If the Prime Minister of the Federation is not responsible for external affairs, he may very well think that he has a right—and that he can take advantage of it when there is an opportunity—to criticise the policy of Her Majesty's Government, who are responsible for external affairs.
As the United Nations is responsible for transporting these bombs the last part of the hon. Member's supplementary question does not arise.
§ Mr. Ronald Bell
Will my right hon. Friend give some precision to his answer to my right hon. Friend the Member for Thirsk and Malton (Mr. Turton) by giving the House a positive assurance that the bombs will not be dispatched until after the foreign affairs debate on Thursday?
§ Mr. Shinwell
Can the right hon. Gentleman explain why it is that people outside who support the "Ban the Bomb" movement are in gaol, or are being fined, while hon. Members opposite holding similar views go free?
§ Sir H. Legge-Bourke
Will my right hon. Friend please assist the House in clarifying this one issue, which is totally indeterminate at the moment? If the 41 conditions in which the bombs would be used are so uncertain in the Government's mind, surely that must mean that the whole operation is also in doubt. How can Her Majesty's Government at one moment say that they support the United Nations and are prepared to finance the operation, and the next moment refuse to give the United Nations the very means to carry out the policy?
§ Mr. Harold Davies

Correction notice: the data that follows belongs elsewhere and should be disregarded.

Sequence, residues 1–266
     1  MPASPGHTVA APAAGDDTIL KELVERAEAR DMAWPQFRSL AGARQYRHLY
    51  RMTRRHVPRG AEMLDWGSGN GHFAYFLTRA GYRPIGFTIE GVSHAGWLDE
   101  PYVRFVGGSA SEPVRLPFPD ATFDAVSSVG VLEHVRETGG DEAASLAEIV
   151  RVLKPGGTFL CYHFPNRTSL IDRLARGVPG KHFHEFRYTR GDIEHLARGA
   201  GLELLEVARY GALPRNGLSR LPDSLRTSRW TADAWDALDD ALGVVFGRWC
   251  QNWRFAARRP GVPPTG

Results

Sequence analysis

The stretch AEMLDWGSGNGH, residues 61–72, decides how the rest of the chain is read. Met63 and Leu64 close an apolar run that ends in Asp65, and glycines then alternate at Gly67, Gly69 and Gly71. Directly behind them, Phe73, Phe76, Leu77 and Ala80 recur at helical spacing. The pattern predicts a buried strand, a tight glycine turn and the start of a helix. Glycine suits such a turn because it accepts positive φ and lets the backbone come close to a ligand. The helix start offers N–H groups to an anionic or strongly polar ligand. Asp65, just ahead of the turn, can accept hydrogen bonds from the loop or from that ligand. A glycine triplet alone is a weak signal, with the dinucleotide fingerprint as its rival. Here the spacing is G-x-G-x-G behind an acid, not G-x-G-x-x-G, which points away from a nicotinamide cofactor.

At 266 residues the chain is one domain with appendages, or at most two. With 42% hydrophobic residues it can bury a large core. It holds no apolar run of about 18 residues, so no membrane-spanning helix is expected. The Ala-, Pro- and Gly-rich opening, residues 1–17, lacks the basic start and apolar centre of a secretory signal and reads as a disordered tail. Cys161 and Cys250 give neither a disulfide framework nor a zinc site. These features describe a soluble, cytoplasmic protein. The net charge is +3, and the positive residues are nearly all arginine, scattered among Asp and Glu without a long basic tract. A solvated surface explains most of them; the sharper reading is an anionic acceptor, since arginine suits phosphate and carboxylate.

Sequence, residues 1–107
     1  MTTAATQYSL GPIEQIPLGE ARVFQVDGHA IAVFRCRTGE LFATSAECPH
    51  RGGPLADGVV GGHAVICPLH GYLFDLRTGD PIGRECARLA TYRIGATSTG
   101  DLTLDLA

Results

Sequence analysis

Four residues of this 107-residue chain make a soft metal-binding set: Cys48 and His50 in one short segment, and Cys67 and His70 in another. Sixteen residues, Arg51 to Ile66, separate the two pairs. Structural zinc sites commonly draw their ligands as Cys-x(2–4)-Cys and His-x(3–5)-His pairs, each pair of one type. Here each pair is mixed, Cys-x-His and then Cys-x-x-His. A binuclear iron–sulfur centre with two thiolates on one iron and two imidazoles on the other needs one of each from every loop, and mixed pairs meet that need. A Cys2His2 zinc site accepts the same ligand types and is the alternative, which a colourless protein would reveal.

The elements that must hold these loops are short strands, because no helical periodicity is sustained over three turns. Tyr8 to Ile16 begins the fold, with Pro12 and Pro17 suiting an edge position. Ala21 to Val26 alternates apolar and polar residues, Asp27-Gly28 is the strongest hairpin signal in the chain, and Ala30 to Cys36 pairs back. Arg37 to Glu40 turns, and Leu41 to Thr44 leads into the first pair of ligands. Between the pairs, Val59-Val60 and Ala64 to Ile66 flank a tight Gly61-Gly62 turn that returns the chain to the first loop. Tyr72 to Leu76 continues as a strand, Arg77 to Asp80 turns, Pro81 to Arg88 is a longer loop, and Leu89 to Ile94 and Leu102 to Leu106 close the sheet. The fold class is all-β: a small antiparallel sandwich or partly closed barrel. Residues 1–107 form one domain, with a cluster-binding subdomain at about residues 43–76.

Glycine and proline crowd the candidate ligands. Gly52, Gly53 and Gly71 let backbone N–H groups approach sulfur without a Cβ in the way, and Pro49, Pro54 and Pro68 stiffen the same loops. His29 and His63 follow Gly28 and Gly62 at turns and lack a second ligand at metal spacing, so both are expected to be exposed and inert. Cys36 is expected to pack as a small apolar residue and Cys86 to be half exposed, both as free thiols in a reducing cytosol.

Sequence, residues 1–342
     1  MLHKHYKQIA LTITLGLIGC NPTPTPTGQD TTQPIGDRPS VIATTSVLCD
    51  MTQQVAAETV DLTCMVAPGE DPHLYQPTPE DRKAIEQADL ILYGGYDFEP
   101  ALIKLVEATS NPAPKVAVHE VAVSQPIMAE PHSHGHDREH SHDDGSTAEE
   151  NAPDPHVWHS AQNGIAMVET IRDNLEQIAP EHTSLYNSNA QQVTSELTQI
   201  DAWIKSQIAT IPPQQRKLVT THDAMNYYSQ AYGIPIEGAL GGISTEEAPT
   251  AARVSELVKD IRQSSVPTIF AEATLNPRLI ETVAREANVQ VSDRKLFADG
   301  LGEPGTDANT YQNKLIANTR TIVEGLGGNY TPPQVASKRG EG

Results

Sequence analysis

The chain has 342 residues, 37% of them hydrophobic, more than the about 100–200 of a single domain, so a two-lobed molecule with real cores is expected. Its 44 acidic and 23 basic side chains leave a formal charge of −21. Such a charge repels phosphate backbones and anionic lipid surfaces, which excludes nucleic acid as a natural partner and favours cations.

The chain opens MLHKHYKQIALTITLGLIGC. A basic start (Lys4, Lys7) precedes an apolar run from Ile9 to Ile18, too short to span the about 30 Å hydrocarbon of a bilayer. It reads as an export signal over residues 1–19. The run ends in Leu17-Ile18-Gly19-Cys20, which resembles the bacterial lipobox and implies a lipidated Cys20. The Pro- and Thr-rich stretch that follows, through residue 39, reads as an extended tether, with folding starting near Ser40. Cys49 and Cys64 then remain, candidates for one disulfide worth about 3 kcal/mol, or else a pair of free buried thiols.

Is the right hon. Gentleman aware that, on both sides of the House, whatever opinions we may hold, we deprecate this sad affair in the Congo, and that we would all like to see it end in peace? But is he also aware that some of us sincerely believe that the present situation is due to vacillation and to vested interests playing a part in the area?
Will the right hon. Gentleman, therefore, consider, because the United Nations is involved, calling together some of the leaders of the Afro-Asian nations, together with non-colonial Powers, and asking them to consider this matter from the point of view of African and Asian nations?
§ Mr. Heath
We are prepared to consider any means of securing a cease-fire. As I have pointed out, we have already taken the initiative during the past few days, in conjunction with the Secretary-General, in trying to find ways and means of achieving a cease-fire. That is our purpose. It was our purpose last September, even though at that time and since we have been greatly criticised in certain quarters.
A conciliation committee is already in existence in the United Nations and it may be that in these circumstances it has a rôle to play. We would welcome any initiative taken. Meanwhile, we shall pursue those initiatives which we have already begun.
§ Mr. Gaitskell
Will the right hon. Gentleman clarify a little further the reason why the Government changed their mind about the release of the 42 bombs between Friday and today? Am I right in understanding the right hon. Gentleman to say that it was because of certain statements made in the Congo by United Nations officials or representatives? If the inquiries which the Government are presumably making about these statements bring a satisfactory answer, may we take it that the Government will authorise the release of these bombs? Will he also explain precisely what all this has to do with Thursday's debate?
§ Mr. Heath
I think that, in view of the great interest in the House, hon. Members will want to discuss these very matters, in which the situation is very dangerous.
Among the causes of doubt which I mentioned were the remarks of General McKeown, which were reported in today's British and American Press, to the effect that peace overtures by Mr. Tshombe were to be rejected. That is not consistent with the policy expounded by the Secretary-General and emphasised again last night.